- Yes, but… (state in comments)
As much of the information has been covered by the passed-to-developers post, this post will focus down on the specifics of J-10S (and subsequently, J-10A) during its early service. And, specifically, we will list out the specs as seen in year 2009. This posts involves a lot of digging among historical internet archives, so I really appreciate any support from anyone of you here, for this specific suggestion.
Before you read further. J-10A/S, despite being the earliest variants to come in Chinese service, are still being fielded by the PLAAF. There had been minor upgrades in capability to carry more missiles, advanced targeting pods and guided munitions. There’s potential for even more small upgrades to come in the future (Including PL-10 full integration), so these aircrafts can still gain the performance to stand to this day.
In 2005, China introduced its newest airframe into service - The J-10A jet fighter. In order to accommodate previous pilots to get familiarised with J-10A’s general performance, China ordered a specialised, two-seat variant of the jet aircraft, known as the J-10S. It is manned by two pilots, which includes one as an instructor. This jet allows China to train newer pilots in different kinds of performance and weapons systems J-10 has to offer, and introduces Chinese pilots to the instruments of the all-new glass cockpit.
In 2009, as mainline J-10A are often shown flying with PL-8 and PL-12 AAMs, new images surfaced in the internet regarding the J-10 carrying PL-11 missiles during its flight training for China’s 60th anniversary airshow.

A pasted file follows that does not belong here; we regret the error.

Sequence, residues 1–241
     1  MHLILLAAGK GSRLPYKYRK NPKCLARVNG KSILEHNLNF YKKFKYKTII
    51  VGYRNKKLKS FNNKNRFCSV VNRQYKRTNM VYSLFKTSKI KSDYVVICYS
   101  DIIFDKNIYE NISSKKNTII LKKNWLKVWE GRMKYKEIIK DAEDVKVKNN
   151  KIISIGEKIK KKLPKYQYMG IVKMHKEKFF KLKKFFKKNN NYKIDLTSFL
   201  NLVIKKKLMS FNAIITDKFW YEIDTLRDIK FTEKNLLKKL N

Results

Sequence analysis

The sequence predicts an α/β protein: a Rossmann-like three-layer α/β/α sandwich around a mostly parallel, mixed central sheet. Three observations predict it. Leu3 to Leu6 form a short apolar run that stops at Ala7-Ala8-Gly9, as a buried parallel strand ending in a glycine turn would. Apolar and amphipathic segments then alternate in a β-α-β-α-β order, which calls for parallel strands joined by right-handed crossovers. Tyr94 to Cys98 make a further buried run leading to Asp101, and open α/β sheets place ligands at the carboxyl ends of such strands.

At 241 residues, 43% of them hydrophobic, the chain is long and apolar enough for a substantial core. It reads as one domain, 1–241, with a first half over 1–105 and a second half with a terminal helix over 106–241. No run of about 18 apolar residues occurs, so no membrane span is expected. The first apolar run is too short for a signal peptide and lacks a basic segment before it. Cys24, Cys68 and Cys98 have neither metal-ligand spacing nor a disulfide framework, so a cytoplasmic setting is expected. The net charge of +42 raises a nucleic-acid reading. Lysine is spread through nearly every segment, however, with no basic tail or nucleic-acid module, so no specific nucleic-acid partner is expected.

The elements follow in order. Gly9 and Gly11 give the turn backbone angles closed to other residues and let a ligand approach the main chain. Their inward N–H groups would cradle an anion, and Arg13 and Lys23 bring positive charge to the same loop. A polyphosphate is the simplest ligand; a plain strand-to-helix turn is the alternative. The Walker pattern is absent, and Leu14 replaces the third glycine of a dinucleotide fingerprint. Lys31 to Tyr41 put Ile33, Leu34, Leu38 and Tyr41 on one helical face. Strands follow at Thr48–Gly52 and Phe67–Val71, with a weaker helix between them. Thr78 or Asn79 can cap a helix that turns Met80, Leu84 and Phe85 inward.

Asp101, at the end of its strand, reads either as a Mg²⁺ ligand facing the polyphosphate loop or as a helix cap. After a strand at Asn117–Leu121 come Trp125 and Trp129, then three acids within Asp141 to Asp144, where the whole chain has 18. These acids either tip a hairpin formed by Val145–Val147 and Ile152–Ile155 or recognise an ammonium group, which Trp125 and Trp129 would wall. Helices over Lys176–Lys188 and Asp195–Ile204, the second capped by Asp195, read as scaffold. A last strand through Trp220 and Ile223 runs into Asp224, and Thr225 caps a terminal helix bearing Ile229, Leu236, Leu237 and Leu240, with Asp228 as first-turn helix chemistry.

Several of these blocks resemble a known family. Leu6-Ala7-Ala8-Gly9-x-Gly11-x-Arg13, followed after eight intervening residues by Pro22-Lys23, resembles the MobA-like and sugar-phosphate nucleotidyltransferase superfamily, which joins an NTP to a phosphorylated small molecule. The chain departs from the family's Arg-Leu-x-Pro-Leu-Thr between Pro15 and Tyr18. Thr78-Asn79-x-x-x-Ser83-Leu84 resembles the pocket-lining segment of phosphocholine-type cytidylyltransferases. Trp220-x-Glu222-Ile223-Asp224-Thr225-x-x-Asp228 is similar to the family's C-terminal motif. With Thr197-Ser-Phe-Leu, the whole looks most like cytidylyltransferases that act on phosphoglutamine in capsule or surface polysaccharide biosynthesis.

It is likely that these aircraft were equipped with these older missiles due to as China need to dispose of these older missiles in their inventory, as the more advanced PL-12 missiles becomes readily available for their jets (including J-10S).
I am suggesting this aircraft (J-10S) to be a specialised, inferior version of the future J-10A in a lower battle rating in the tech tree, specifically without the PL-12 armament. This allows Chinese players to have more room to choose between different variants of J-10 without compromising the real J-10A’s full capacities.
As it is shown with the Jaguar E from previous events, J-10S with nerfed armaments can be a perfect candidate for a Chinese Rank VIII event jet. It also sports the opportunity to wear the iconic Chinese aerobatics camouflage which serves well as an event camouflage reward. It is a good opportunity to introduce PLAAF to fourth-generation fighters by having a specialised event jet to appear first, like how the German F-4F and MiG-23 is introduced.